Depression can increase the risk of heart disease and may shorten life span. If you’re depressed, medication, psychotherapy or cognitive behavioral therapy, and other treatments may help. The Cleveland Clinic recommends antidepressants known as selective serotonin reuptake inhibitors because they don’t raise blood pressure.
Ask your doctor what is the best for your depression and make sure you know about
So many people in our sleep-deprived culture just aren’t getting enough z’s, or enough of the right kind of rest. An average of six to eight hours of sleep is recommended, according to Dr. Simmons.
However, quality of sleep is the key. Sleep apnea—a condition in which you wake up periodically due to interrupted breathing—has been linked with cardiovascular disease.
People who awake in the middle of the night from sleep apnea are unable to complete normal sleep cycles, a time when the body naturally lowers hormone levels and blood pressure. This can lead to hypertension and heart disease.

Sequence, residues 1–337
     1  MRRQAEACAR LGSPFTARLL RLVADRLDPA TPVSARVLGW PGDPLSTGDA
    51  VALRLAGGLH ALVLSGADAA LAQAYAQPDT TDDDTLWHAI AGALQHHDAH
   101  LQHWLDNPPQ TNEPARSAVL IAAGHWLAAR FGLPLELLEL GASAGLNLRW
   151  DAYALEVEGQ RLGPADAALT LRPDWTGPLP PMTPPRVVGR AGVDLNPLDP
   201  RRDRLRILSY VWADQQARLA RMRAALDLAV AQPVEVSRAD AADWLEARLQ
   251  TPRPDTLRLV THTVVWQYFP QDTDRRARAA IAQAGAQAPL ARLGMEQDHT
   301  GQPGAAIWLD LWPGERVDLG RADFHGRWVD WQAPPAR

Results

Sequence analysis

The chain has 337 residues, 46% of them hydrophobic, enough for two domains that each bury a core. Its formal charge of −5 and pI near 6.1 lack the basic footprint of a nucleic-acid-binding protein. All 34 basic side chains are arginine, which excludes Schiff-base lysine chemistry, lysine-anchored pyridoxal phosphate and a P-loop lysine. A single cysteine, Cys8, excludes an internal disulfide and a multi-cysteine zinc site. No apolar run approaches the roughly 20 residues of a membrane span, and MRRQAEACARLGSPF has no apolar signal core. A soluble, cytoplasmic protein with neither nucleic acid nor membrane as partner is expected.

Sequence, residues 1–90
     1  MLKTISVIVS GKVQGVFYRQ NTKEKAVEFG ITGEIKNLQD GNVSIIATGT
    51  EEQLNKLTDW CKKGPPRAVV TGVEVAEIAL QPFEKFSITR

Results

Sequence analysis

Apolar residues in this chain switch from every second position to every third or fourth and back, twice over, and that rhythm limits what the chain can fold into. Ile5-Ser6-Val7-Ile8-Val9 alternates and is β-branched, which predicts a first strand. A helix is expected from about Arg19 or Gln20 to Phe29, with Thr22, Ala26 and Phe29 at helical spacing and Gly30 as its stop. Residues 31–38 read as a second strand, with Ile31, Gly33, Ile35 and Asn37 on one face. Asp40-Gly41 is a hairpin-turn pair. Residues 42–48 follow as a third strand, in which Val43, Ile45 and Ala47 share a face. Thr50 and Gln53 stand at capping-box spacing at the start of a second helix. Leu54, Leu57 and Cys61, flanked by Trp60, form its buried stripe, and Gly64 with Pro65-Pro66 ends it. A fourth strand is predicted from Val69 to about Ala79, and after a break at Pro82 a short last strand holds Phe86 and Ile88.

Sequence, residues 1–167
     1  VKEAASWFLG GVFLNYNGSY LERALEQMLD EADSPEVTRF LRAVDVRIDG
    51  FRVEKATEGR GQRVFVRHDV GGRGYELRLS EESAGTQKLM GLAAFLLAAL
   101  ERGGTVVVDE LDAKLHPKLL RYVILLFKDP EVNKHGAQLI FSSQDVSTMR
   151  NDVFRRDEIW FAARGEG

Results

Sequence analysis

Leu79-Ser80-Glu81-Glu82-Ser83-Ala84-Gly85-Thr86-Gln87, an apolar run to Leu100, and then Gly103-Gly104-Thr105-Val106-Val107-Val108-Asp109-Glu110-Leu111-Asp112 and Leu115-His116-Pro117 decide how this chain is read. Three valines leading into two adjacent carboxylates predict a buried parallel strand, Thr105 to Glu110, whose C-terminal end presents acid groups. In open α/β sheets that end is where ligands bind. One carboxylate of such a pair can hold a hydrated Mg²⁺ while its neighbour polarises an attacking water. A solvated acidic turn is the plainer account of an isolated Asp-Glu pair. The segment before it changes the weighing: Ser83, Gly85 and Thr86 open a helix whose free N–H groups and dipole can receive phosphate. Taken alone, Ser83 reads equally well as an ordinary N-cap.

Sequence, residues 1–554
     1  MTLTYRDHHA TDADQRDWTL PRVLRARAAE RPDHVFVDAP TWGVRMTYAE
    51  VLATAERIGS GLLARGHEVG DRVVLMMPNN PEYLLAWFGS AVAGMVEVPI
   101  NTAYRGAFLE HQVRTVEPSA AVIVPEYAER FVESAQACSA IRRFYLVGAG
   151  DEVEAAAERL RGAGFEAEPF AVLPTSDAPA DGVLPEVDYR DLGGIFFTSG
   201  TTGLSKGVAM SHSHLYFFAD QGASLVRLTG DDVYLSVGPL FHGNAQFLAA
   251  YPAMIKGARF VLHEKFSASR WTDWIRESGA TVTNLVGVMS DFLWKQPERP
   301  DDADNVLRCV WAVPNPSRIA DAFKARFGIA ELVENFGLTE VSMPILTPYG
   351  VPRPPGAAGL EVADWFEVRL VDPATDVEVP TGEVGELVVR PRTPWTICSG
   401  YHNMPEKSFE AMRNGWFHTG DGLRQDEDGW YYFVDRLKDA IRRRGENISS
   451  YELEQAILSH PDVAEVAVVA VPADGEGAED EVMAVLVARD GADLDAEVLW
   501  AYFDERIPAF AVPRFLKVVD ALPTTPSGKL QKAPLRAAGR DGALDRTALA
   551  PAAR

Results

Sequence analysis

Want a cure-all? Try aerobic exercises and even dancing. These activities help you feel better, lower your risk for diabetes, and make your heart stronger. Exercise can also help to fight depression.
Study after study has shown the benefits of physical activity, even active housework or gardening. It pumps your heart, moving blood all around the body.
Exercising Tune-Up 7 min/day can help you feel and look better. But talk to your doctor before
Due to the overwhelming and ceaseless stress we experience our natural oxytocin production is deficient, leading to the many diseases and disorders directly connected to stress.
In very simple terms our bodies natural system for combating stress is over worked and failing. Stress is stealing our joy and our health.
In addition, Tune-Up system can provide your body with the additional oxytocin boost it needs, and to support your body’s own natural oxytocin production.
Oxytocin is a naturally occurring hormone that is released by methods as simple as a hug, a kiss, and gentle eye contact. Our brains are naturally organized to release it but prolonged stress, isolation, or trauma, conditions afflicting many people, prevent adequate oxytocin production. Tune-Up system helps to reduce stress, increase well-being, and generate relaxation, thereby helping to reduce or alleviate symptoms associated with autism, depression, anxiety, stress, emotional upset, and other chronic ailments afflicting millions of individuals every day.
It is especially important that Tune-Up helps to boost your oxytocin hormone by providing the benefits of the therapeutic touch during the exercise.
To relieve stress I highly recommend you to use Tune-Up!